M. Mitchell Waldrop writes: Say what you will about cybercriminals, says Angela Sasse, “their victims rave about the customer service”.
Sasse is talking about ransomware: an extortion scheme in which hackers encrypt the data on a user’s computer, then demand money for the digital key to unlock them. Victims get detailed, easy-to-follow instructions for the payment process (all major credit cards accepted), and how to use the key. If they run into technical difficulties, there are 24/7 call centres.
“It’s better support than they get from their own Internet service providers,” says Sasse, a psychologist and computer scientist at University College London who heads the Research Institute in Science of Cyber Security. That, she adds, is today’s cybersecurity challenge in a nutshell: “The attackers are so far ahead of the defenders, it worries me quite a lot.”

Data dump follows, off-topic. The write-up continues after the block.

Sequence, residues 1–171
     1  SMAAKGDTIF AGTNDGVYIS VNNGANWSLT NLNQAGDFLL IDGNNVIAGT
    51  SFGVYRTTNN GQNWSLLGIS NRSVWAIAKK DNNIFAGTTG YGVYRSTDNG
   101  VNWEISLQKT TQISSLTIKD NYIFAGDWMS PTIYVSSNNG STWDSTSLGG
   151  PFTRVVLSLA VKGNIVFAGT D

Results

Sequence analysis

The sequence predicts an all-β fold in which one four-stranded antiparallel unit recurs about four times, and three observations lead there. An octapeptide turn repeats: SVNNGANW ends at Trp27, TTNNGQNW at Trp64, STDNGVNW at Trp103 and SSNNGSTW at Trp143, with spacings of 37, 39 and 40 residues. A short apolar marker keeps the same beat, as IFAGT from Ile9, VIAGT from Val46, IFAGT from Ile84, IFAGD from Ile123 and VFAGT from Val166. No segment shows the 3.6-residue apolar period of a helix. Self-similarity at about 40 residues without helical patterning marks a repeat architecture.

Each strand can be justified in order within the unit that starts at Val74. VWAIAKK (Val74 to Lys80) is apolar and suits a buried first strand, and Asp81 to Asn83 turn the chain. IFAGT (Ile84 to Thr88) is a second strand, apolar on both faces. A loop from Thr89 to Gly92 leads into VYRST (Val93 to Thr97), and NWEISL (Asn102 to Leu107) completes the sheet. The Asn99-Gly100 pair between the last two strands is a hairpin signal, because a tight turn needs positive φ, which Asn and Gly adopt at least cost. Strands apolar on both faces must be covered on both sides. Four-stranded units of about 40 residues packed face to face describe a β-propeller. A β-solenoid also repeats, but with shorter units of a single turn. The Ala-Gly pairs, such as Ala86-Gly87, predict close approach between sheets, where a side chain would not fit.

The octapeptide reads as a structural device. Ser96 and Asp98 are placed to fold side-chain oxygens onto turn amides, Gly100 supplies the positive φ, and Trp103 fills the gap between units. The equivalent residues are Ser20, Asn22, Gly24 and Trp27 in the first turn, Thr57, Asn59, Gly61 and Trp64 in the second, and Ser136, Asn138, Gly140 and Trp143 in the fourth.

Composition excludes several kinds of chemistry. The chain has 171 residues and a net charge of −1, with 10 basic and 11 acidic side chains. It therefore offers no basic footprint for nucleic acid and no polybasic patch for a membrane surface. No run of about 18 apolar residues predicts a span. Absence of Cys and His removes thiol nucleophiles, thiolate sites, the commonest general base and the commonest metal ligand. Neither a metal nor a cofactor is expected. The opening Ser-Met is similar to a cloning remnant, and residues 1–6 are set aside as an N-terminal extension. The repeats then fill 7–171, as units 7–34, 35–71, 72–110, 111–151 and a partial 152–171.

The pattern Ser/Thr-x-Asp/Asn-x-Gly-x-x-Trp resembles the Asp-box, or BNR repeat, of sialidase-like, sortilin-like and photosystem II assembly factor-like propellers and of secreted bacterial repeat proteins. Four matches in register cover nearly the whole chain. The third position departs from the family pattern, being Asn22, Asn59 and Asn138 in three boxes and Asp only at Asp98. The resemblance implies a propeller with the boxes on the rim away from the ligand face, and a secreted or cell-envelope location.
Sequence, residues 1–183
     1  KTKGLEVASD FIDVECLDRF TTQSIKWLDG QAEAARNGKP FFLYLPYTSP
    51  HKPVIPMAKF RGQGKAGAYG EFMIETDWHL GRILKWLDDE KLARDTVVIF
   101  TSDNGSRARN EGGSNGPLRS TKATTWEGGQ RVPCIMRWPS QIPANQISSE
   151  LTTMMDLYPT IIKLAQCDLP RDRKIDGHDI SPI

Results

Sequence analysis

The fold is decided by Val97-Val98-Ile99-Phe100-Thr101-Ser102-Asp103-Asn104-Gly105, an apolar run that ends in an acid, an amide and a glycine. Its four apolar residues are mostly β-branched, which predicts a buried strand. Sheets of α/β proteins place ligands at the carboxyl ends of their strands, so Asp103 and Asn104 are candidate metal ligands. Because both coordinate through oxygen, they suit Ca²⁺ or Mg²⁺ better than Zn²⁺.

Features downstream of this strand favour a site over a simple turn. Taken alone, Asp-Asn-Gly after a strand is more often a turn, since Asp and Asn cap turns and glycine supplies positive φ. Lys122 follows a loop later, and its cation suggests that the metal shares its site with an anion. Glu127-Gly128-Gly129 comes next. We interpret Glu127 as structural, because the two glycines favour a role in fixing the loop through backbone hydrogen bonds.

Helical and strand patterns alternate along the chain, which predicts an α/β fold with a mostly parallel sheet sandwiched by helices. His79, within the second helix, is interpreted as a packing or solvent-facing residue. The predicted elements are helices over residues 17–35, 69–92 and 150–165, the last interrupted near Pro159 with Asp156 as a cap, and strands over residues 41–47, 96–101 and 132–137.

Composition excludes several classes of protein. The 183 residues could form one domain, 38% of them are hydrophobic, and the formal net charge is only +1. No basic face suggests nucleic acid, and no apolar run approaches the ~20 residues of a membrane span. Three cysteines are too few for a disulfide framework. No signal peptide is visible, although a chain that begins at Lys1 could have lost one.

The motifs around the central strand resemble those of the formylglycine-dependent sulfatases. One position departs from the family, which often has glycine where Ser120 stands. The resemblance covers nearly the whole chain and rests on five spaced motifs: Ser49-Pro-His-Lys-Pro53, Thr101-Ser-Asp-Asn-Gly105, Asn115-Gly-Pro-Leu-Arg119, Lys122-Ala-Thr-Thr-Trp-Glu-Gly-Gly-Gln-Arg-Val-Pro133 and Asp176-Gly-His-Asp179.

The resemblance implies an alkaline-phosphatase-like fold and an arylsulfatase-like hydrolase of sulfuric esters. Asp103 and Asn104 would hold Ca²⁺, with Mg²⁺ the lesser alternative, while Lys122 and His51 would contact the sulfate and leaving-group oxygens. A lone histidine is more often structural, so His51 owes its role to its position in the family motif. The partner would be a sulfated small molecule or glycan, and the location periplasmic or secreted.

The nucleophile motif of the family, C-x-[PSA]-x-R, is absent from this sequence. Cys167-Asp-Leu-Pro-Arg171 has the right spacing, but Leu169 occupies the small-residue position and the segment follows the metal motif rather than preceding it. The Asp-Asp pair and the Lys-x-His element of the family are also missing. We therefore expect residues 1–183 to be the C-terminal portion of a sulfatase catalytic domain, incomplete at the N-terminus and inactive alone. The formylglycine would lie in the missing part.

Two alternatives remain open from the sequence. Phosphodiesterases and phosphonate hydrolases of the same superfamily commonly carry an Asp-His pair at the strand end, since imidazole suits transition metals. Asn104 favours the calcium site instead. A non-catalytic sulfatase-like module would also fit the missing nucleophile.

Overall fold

Long gone are the days when computer hacking was the domain of thrill-seeking teenagers and college students: since the mid-2000s, cyberattacks have become dramatically more sophisticated. Today, shadowy, state-sponsored groups launch exploits such as the 2014 hack of Sony Pictures Entertainment and the 2015 theft of millions of records from the US Office of Personnel Management, allegedly sponsored by North Korea and China, respectively. ‘Hacktivist’ groups such as Anonymous carry out ideologically driven attacks on high-profile terrorists and celebrities. And a vast criminal underground traffics in everything from counterfeit Viagra to corporate espionage. By one estimate, cybercrime costs the global economy between US$375 billion and $575 billion each year. [Continue reading…]